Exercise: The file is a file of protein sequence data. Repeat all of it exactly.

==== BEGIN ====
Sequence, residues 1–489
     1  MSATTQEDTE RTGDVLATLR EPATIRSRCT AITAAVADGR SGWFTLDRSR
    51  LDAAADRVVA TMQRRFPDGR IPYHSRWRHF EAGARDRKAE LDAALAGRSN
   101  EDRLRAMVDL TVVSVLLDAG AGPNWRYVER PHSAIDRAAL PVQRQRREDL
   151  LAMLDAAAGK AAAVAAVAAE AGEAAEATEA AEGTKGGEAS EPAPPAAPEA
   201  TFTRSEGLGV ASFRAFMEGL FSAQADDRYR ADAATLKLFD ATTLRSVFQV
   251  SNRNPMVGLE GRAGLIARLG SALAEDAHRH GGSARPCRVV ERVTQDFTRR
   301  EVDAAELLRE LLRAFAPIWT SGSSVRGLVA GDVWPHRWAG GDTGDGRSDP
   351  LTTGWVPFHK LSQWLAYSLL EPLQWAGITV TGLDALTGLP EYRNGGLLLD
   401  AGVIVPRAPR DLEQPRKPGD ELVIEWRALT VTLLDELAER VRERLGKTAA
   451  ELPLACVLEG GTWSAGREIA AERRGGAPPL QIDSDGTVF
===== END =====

Sequence, residues 1–489
     1  MSATTQEDTE RTGDVLATLR EPATIRSRCT AITAAVADGR SGWFTLDRSR
    51  LDAAADRVVA TMQRRFPDGR IPYHSRWRHF EAGARDRKAE LDAALAGRSN
   101  EDRLRAMVDL TVVSVLLDAG AGPNWRYVER PHSAIDRAAL PVQRQRREDL
   151  LAMLDAAAGK AAAVAAVAAE AGEAAEATEA AEGTKGGEAS EPAPPAAPEA
   201  TFTRSEGLGV ASFRAFMEGL FSAQADDRYR ADAATLKLFD ATTLRSVFQV
   251  SNRNPMVGLE GRAGLIARLG SALAEDAHRH GGSARPCRVV ERVTQDFTRR
   301  EVDAAELLRE LLRAFAPIWT SGSSVRGLVA GDVWPHRWAG GDTGDGRSDP
   351  LTTGWVPFHK LSQWLAYSLL EPLQWAGITV TGLDALTGLP EYRNGGLLLD
   401  AGVIVPRAPR DLEQPRKPGD ELVIEWRALT VTLLDELAER VRERLGKTAA
   451  ELPLACVLEG GTWSAGREIA AERRGGAPPL QIDSDGTVF